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Former President Barack Obama, who is on a media tour to promote his new memoir A Promised Land, spoke with CBS’s Sunday Morning and 60 Minutes this weekend about his two-term presidency, the turbulent events of 2020, and Joe Biden’s recent election. Both interviews took place inside the Smithsonian’s National Portrait Gallery in Washington, DC, home to the immensely popular Obama portraits by artists Kehinde Wiley and Amy Sherald.
Sherald’s portrait of the former First Lady received special attention in a conversation between the former president and CBS’s Gayle King about his family life, and his wife’s Michelle initial reservations against his 2008 presidential run.
“I am mindful of the sacrifices that she made, but the good news is that, for whatever reason, she has forgiven me … sort of,” Obama said about his wife. “She still reminds me occasionally of what she up with.”
On 60 Minutes, Obama sat for a conversation with Scott Pelley in front of Abraham Lincoln’s official portrait.
“He’s a good example of somebody who I think understood deeply the need to be able to see another person’s point of view,” said Obama while pointing at Lincoln’s portrait behind him.
Obama, who has been increasingly vocal in his criticism of his successor, Donald Trump, addressed the current president’s relentless refusal to concede his loss in the 2020 election.
“It is one more step in delegitimizing not just the incoming Biden administration, but democracy generally,” said Obama. “That’s a dangerous path. We would never accept that out of our own kids behaving that way if they lost.”
Titled “BARACK” (2020), the oil painting depicts the former president in a contemplative pose, resting his face in his palm in a manner that subtly alludes to Auguste Rodin’s sculpture “The Thinker”.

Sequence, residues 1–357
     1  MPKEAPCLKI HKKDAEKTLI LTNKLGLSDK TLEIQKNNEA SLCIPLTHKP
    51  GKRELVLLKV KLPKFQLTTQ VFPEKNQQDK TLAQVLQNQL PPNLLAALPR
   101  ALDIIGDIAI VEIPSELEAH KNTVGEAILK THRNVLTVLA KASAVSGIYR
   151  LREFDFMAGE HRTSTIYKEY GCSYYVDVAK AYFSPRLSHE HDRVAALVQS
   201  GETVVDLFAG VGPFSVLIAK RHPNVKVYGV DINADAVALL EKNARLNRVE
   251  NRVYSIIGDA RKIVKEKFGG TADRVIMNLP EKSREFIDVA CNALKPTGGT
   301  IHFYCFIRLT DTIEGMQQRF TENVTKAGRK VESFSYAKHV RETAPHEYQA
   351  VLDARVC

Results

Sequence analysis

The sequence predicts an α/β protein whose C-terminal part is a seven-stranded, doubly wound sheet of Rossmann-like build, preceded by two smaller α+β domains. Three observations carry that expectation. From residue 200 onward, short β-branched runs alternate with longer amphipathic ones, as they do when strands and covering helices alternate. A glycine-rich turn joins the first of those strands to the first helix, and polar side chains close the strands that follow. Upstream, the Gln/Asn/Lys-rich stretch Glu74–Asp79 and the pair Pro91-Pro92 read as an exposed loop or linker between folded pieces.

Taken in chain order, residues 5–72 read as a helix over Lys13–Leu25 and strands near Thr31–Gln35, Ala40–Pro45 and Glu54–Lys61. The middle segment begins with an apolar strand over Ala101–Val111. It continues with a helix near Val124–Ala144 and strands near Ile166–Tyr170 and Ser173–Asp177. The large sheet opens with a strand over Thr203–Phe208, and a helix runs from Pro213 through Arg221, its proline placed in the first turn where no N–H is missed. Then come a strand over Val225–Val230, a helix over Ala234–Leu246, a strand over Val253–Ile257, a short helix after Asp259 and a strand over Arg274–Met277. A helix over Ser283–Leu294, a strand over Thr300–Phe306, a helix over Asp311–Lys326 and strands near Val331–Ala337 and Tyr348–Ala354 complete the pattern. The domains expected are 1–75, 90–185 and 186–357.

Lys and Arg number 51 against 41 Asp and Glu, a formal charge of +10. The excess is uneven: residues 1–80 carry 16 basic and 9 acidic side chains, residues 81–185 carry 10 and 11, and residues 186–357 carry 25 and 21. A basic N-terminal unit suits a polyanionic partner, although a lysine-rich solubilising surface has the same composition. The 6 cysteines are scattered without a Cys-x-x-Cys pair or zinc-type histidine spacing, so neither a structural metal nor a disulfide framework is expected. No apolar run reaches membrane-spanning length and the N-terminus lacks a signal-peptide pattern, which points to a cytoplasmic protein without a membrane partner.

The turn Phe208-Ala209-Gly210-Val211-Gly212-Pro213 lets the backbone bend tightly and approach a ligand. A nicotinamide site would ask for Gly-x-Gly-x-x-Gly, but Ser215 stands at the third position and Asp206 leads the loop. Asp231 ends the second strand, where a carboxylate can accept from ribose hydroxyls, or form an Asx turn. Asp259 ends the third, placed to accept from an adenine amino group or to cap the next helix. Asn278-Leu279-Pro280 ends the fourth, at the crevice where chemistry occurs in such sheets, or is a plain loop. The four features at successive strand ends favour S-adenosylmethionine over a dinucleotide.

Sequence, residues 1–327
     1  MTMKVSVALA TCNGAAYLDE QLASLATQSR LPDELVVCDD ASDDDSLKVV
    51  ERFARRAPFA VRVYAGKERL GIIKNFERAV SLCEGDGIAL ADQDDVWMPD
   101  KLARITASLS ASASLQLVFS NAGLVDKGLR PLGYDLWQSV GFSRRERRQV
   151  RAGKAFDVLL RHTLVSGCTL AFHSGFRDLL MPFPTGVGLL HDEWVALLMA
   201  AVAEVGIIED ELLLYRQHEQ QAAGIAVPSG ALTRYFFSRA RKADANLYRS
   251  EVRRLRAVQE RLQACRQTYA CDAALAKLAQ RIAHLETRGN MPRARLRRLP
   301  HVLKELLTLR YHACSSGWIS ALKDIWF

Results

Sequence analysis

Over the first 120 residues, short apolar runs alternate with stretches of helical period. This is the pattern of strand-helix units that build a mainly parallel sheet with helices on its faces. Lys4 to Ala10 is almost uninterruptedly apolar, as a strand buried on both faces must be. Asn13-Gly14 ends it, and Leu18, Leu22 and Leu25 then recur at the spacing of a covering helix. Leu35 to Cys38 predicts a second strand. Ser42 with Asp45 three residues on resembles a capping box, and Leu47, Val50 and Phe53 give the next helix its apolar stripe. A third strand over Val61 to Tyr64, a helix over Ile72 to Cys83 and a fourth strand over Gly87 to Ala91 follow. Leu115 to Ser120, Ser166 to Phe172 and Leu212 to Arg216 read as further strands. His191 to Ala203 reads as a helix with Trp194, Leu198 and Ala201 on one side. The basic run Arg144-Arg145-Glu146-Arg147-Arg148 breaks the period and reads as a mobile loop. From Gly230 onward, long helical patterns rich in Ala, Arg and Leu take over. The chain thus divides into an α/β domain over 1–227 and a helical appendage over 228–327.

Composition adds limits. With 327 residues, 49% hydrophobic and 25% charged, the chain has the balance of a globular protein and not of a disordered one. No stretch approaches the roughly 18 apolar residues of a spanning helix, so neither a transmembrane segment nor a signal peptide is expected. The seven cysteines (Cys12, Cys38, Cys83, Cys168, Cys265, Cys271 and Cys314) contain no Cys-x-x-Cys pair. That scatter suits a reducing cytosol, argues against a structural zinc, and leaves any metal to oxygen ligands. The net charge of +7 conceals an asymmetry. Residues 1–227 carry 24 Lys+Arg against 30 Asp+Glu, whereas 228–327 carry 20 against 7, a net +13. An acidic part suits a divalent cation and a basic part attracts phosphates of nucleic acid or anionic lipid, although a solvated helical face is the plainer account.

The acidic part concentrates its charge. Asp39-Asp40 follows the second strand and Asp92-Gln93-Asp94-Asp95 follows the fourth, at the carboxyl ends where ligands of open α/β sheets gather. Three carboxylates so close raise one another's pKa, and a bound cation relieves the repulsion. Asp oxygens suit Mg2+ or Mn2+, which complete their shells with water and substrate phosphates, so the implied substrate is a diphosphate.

“Barack Obama is, in many ways, all of us,” Casteel wrote on Instagram. “The distance between us was lessened through the act of making this painting… and I needed to be reminded of that now more than ever.”
Tabitha Arnold’s rugs pay tribute to organizers who lay their bodies on the line in the workplace, in the public square, and in the depths of private prisons.
The intentionality of Booker’s abstraction gives me the impetus to discuss something about the current zeitgeist that’s been on my mind for a while.
The Morgan Library & Museum Presents Another Tradition: Drawings by Black Artists from the American South
This exhibition celebrates the Morgan’s recent acquisition of drawings by Thornton Dial, Nellie Mae Rowe, Henry Speller, Luster Willis, and Purvis Young.
After years in the making, New Time opens at the Berkeley Art Museum and Pacific Film Archive.
The museum details the process of moviemaking, from its inception in storytelling all the way to its marketing. But interwoven into these exhibits are ugly truths.
Part of the John Michael Kohler Arts Center in Sheboygan, Wisconsin, the Art Preserve also functions as a curated collection facility and is filled with immersive installations.
The former panels, removed in 2017, featured images dedicated to Confederate Generals Stonewall Jackson and Robert E. Lee.